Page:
Artibus et Historiae no. 69 (XXXV)

2014, ISSN 0391-9064

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CHARLES BURROUGHS - Indicating Heaven: Botticelli’s Coronation of the Virgin and Mediated Imagery (pp. 9–34)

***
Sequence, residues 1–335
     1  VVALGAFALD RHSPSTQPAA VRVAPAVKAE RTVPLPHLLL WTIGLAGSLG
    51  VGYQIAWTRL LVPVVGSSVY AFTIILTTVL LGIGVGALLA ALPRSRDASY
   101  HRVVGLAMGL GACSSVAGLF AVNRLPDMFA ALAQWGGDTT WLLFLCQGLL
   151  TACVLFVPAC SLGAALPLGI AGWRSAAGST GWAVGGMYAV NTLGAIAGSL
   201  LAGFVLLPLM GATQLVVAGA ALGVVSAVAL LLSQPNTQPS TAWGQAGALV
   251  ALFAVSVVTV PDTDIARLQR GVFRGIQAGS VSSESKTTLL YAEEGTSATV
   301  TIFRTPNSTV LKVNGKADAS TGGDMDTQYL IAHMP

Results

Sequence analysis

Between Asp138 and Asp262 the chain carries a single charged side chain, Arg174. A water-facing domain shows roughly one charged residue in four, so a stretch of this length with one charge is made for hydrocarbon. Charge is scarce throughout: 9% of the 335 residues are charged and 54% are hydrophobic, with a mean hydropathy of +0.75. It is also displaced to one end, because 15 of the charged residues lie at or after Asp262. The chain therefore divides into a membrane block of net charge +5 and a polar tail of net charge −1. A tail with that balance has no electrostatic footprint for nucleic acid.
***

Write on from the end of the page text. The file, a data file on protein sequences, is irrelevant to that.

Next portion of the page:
Through the analysis of a major religious painting by Botticelli, this article builds on important recent work on Botticelli’s sacred art to explore apparent responses on the part of an especially sophisticated artist to the gathering atmosphere of crisis in the city’s political and religious life. The artist uses various devices of connection or separation between the viewer/worshiper and the holy image; these devices are not unique to the painting, but their combination is exceptional. First, Botticelli uses a hieratic gold ground to distinguish a scene set in heaven, the coronation of the Virgin, from a more earthly zone; here recent scruples about the representation of transcendence seem to be in play. Second, the figures beneath, four major saints, embody different ways of addressing the viewer and mediating between him/her and the heavenly event. Third, the latter appears to be treated as an apsidal image within an implied architectural setting, in other words, as a representation of a representation. By establishing modes of mediation, then, Botticelli confronts issues emerging as central to the representation of the sacred, in part on the basis of a critical understanding of Albertian picture theory.



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